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Learn Khmer: Part 3: Numbers (How to Count)

Updated on December 18, 2012

Numbers 1 through 5

The basis of counting numbers in Khmer all starts with knowing the first five numbers. After memorizing the first five, the rest of the numbers, apart from the multiples of 10, do not necessarily have to be memorized because they are "built" on the first five. These numbers, basically, are:

1) Muy

  • This word is pronounced exactly like the Spanish word "muy," which means "very" like in the phrase "muy bien," which means "very good." However, "muy" in Khmer means "number 1."

2) (b+p)ee

  • If you've read my first 2 articles, you will probably recognize this word, which means "number 2" in Khmer. This word was used as an example of the "blended sounds" concept in the Khmer language. Just as a reminder, the word is not pronounced "bee" with a pure "B" sound nor pronounced "pee" with a pure "P" sound. The consonant at the beginning of the word should sound like a blend of a "B" and a "P" sound.

3) (b+p)ei

  • This is the number 3 in Khmer. Notice, that like number 2, the consonant at the beginning of the word is a blend of a "B" and "P" sound.

* Saying the word with a pure "P" sound will change its meaning to "panic," which is not what we are trying to say.

4) (b+p)uon

  • This is the Khmer word for the number 4. Again, the word has a blended "B" and "P" sound at the beginning.

* However, for this particular word, even though the pure "B" sound does not exist in Khmer, the blended (b+p) sound should lean more heavily towards the "B" rather than the "P." Leaning more towards the "P" sound actually changes the meaning of the word to "hide," but in this case, we want to say, "four."

5) (b+p)rahm

  • If you haven't figured out the pattern by now, this is the number 5 in Khmer. Once again, this word's consonant at the beginning is a blended "B" and "P" sound.

* Thus, note that it is quite important to get the (b+p) sound learned because it is a part of numbers 2-5. On the side, however, Cambodians will still understand what you are saying even if these words are spoken with a pure "B" or pure "P sound (thanks to context clues); this does not mean that it doesn't sound hilarious, though.

Numbers 6 through 9

The Khmer numbers 6 through 9, as well as many of the other numbers that follow the numerical sequence, are "built on" the foundation numbers 1 through 5. What do I mean by this? Let's take a look at 6 through 9:

6) (b+p)rahm-muy

  • The number 6, in Khmer, is made up of two parts:
  1. (b+p)rahm = five
  2. muy = one
  • Therefore, the Khmer number 6, literally translated, means something like "five and one" or "five plus one."

7) (b+p)rahm-(b+p)ee OR (b+p)rahm-(b+p)ell

  • The number 7, in Khmer is also made up of two parts:
  1. (b+p)rahm = five
  2. (b+p)ee = two
  • Thus, the Khmer number 7, literally translated, means "five and two" or "five plus two."
  • * NOTE: The number 7 in Khmer can also be pronounced (b+p)rahm-(b+p)ell. Where this option derives from, I really do not know, but based on my speaking experiences, I've found that (bp)rahm-(bp)ee is more commonly said amongst those who speak formal Khmer whereas (bp)rahm-(bp)ell is more commonly said amongst those who speak the commoner's Khmer dialect.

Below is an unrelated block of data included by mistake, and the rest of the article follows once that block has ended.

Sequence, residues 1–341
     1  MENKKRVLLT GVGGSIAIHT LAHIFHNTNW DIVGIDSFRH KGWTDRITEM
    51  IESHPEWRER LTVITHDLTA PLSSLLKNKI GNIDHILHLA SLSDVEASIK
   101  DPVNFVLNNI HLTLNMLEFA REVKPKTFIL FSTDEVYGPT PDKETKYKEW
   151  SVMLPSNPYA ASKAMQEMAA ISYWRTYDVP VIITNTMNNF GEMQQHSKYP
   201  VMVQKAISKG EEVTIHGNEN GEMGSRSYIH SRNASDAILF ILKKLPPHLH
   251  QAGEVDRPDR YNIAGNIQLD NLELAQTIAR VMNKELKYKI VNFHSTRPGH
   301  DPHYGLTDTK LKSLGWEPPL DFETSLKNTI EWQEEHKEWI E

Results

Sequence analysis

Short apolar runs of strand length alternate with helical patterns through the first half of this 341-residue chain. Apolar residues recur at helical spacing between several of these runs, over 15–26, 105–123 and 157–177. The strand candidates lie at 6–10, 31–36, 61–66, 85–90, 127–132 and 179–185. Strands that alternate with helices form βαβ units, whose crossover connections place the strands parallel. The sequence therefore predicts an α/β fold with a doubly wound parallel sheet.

8) (b+p)rahm-(b+p)ei

  • The number 8 is also made up of two parts:
  1. (b+p)rahm = five
  2. (b+p)ei = three
  • Hence, the Khmer number 8, literally translated, means "five and three" or "five plus three."

9) (b+p)rahm-(b+p)uon

  • Lastly, the number 9 is also composed of two parts:
  1. (b+p)rahm = five
  2. (b+p)uon = four
  • Just like the pattern for previous three numbers, the Khmer number 9, literally translated, means "five and four" or "five plus four."

Multiples of 10 & Counting on...

Before you can continue counting, you must memorize the multiples of 10, which, unlike the rest of the numbers, are NOT "built on" the first five numbers. The multiples of 10 must be memorized:

10 = (d+t)op

20 = Muh - Pei

  • The "P" in "Pei" is actually a pure "P" sound, so consider it a freebie. You do not have to blend it with a "B" sound.

30 = Saam - Sep

40 = Sai - Sep

50 = Haa - Sep

60 = Hok - Sep

70 = (j+ch)et - Sep

  • The "T" at the end of (j+ch)et should be a very subtle and non-accented "T" sound. It should be there, but barely there.

80 = (b+p)ait - Sep

  • Just like the number 70 in Khmer, the "T" at the end of (b+p)ait should be very slight, not stressed, but still there.

90 = (g+k)ao - Sep

100 = Muy Roy

1,000 = Muy (b+p)on

1,000,000 = Muy Lien


To continue counting from 10:


11 = (d+t)op Muy

  • NOTE: The number 11 in Khmer is made up of 2 parts:
  1. (d+t)op = 10
  2. Muy
  • Thus, eleven, literally translated, means "10 and 1" or "10 plus 1."

* However, for certain numbers that are greater than 11, there are three parts. For example:

16 = (dt)op + (bp)rahm + Muy

  • The three parts are:
  1. (dt)op
  2. (bp)rahm
  3. muy
  • Hence, the number 16, in Khmer, translates as something like "10 plus 5 plus 1."


* Every other number in the Khmer language can simply be put together by using the basic 5 numbers and building those numbers on top of multiples of 10, and the cycle goes on...


* To actually hear the pronunciation of these words, and for, perhaps, better tips, please watch the video below.

Learn Khmer: Part 3: Numbers (How to Count)

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